What are the key pieces of the Final Rule that will affect the Federal Contracting Community?

The items listed below were highlighted in the Final Rule’s Factsheet:

  • Clarifies that adverse treatment of an employee because of gender-stereotype assumptions relating to family caretaking responsibilities is discrimination.
  • Clarifies that flexible workplace arrangements for childcare must be available to men on the same basis that it is available to women.
  • Confirms that contractors must provide a variety of workplace accommodations, ranging from extra bathroom breaks to light-duty assignments, for women affected by pregnancy, childbirth, and related medical conditions comparable to the accommodations that contractors provide to other workers similar in their ability or inability to work, such as employees with disabilities or occupational injuries.
  • Further sets out disparate-treatment and disparate-impact approaches to the provisions for accommodations and leave, not limited to disparate-impact analyses on policies and procedures that deny such accommodations and/or leave.
  • Clarifies that contractors may not pay employees different wages, benefits, or any other forms of compensation on the basis of sex.
  • Confirms that contractors must provide equal benefits and equal contributions for male and female employees participating in fringe-benefit plans.
  • Addresses both quid pro quo and hostile-environment sexual harassment, and identifies as a best practice that contractors develop and implement procedures to ensure an environment in which all employees feel safe and welcomed, are treated fairly, and are not harassed on the basis of sex.
  • Clarifies that adverse treatment of employees because they do not conform to gender norms and expectations about their appearance, attire, or behavior, is unlawful sex discrimination.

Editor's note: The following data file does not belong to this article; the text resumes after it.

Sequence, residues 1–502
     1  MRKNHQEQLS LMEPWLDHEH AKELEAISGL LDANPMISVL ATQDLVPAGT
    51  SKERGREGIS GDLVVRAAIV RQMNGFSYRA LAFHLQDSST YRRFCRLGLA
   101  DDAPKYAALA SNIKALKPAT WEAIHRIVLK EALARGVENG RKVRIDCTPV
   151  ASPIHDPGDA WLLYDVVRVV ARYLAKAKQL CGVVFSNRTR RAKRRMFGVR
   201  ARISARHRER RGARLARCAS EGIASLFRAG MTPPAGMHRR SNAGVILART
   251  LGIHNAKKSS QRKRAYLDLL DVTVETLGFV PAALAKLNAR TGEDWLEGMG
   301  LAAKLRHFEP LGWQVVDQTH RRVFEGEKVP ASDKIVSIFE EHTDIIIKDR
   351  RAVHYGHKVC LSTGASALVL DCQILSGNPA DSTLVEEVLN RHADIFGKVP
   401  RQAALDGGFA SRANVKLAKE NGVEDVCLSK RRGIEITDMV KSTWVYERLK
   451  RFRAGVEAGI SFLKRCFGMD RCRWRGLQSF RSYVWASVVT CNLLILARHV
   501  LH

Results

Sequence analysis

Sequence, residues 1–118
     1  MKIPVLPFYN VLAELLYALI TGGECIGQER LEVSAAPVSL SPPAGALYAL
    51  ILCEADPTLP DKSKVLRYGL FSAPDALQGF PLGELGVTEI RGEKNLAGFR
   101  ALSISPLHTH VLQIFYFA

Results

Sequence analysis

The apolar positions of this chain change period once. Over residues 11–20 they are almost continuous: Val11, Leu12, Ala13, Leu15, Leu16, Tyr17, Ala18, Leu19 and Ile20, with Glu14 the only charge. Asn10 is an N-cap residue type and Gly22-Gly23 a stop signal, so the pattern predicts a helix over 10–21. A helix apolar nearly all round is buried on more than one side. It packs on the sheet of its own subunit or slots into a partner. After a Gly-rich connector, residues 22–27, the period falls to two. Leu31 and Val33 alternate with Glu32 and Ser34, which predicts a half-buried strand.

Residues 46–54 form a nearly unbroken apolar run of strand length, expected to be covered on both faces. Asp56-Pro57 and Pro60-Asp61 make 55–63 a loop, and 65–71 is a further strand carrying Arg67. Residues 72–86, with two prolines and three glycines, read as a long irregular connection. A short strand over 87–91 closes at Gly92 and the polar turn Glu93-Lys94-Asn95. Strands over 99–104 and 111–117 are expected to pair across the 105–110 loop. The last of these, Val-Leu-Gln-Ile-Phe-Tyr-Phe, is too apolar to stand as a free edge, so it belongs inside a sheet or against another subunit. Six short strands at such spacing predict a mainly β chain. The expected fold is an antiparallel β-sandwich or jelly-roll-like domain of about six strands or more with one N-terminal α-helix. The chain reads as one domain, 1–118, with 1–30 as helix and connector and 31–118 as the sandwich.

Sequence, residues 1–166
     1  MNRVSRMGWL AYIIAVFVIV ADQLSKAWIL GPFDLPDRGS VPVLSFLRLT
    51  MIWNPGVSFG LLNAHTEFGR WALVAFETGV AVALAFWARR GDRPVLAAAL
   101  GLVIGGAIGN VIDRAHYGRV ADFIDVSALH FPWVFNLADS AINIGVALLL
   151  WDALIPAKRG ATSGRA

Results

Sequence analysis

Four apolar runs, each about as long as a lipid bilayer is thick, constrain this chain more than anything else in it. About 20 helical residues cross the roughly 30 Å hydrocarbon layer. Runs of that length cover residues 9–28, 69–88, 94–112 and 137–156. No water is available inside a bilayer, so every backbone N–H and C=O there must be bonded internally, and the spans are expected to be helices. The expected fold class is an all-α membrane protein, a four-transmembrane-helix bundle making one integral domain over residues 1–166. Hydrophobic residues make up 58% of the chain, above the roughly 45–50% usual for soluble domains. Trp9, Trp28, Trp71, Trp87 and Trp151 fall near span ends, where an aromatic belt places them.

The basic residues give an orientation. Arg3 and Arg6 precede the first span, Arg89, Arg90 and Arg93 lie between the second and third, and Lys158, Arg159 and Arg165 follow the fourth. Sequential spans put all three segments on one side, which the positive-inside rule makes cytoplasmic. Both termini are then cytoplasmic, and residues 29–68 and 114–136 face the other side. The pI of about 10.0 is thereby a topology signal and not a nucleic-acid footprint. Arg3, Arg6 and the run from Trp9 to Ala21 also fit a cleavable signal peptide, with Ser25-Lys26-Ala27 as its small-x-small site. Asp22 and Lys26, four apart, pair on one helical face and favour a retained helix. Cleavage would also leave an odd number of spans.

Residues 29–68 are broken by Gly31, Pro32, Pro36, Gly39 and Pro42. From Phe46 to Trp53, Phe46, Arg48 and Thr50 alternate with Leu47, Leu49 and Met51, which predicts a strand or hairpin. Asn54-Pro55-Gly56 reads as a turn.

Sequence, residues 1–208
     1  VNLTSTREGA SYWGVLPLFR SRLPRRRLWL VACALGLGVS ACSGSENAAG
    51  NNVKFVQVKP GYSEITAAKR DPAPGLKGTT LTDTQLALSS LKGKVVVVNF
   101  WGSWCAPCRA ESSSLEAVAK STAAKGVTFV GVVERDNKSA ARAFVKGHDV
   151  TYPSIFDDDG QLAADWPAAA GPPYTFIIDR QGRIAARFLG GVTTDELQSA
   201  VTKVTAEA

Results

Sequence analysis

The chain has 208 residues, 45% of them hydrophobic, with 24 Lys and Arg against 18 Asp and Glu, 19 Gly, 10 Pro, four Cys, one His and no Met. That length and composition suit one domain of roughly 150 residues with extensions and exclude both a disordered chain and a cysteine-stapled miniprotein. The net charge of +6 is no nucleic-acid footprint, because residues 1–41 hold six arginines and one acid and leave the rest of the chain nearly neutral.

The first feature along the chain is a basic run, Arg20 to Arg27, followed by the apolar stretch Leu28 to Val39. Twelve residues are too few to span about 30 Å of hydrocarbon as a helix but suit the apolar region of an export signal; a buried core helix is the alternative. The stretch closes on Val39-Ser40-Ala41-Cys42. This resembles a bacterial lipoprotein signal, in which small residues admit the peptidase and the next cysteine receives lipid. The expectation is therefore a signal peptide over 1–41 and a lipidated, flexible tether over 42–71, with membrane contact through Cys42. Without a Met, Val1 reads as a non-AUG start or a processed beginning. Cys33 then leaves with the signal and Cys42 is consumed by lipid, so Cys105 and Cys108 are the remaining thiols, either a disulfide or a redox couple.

• Clarifies that discrimination against an individual because of her or his gender identity is unlawful sex discrimination.
  • Requires contractors to allow workers to use bathrooms, changing rooms, showers and similar facilities consistent with the gender they identify as.
  • Changes the “Sex Discrimination Guidelines” to regulations about “Discrimination on the Basis of Sex” to make clear that they have the force and effect of law.

The Final Rule goes into effect on August 15, 2016.

Additional information, including FAQs and a crosswalk of comparisons between the old guidelines and the new, can be viewed on the OFCCP website:


Obama Signs Two Executive Orders Aimed at Narrowing the Wage Gap

President Obama

President Obama Signed Two Executive Orders Pertaining Specifically to Federal Contractors

A consistent pattern has emerged in President Barack Obama’s presidency, a focus aimed at narrowing the wage gap between men and women. Tuesday, April 8, he kicked off Equal Pay Day by signing two executive orders pertaining specifically to federal contractors. He signed one executive order prohibiting federal contractors from taking action on employees that discuss their pay. The other order directs the Department of Labor (DOL) to propose within 120 days “a rule that would require federal contractors and subcontractors to submit to DOL summary data on the compensation paid their employees, including data by sex and race.” As many will recall, the President foreshadowed this motive nine days after his 2009 Presidential Inauguration with his first bill signed into law approving the Lilly Ledbetter Fair Pay Act.

Citing a well-used statistic that working women still earn only 77 cents for every dollar that a man earns, the second mentioned Executive Order also states that the pay gap is even greater for African-American women and Latinas. While encouraging the DOL to “rely on existing reporting frameworks” it is clear that the DOL will be paying closer attention to compensation practices of Federal Contractors, especially as it relates to those who are currently stated to be underpaid.  (http://www.whitehouse.gov/the-press-office/2014/04/08/presidential-memorandum-advancing-pay-equality-through-compensation-data)

Resource: New OFCCP FAQs on VEVRAA and Section 503 Final Rules

The OFCCP has posted new FAQs answering several of the questions the agency received about  the provisions in the recently published VEVRAA and Section 503  Final Rules.

To view the new OFCCP FAQ’s and other helpful content about VEVRAA and Section 503 Final Rules go to:

 Additional Resource from BCGi:

Download the webinar slides from “A Review of Revisions to Section 503 of the Rehabilitation Act and Section 4212 of the Vietnam Era Veteran’s Readjustment Assistance Act (VEVRAA)” by Dr. Patrick Nooren
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If you have any questions about VEVRAA or Section 503, please reach out to us at staff@biddle.com or 800-999-0438.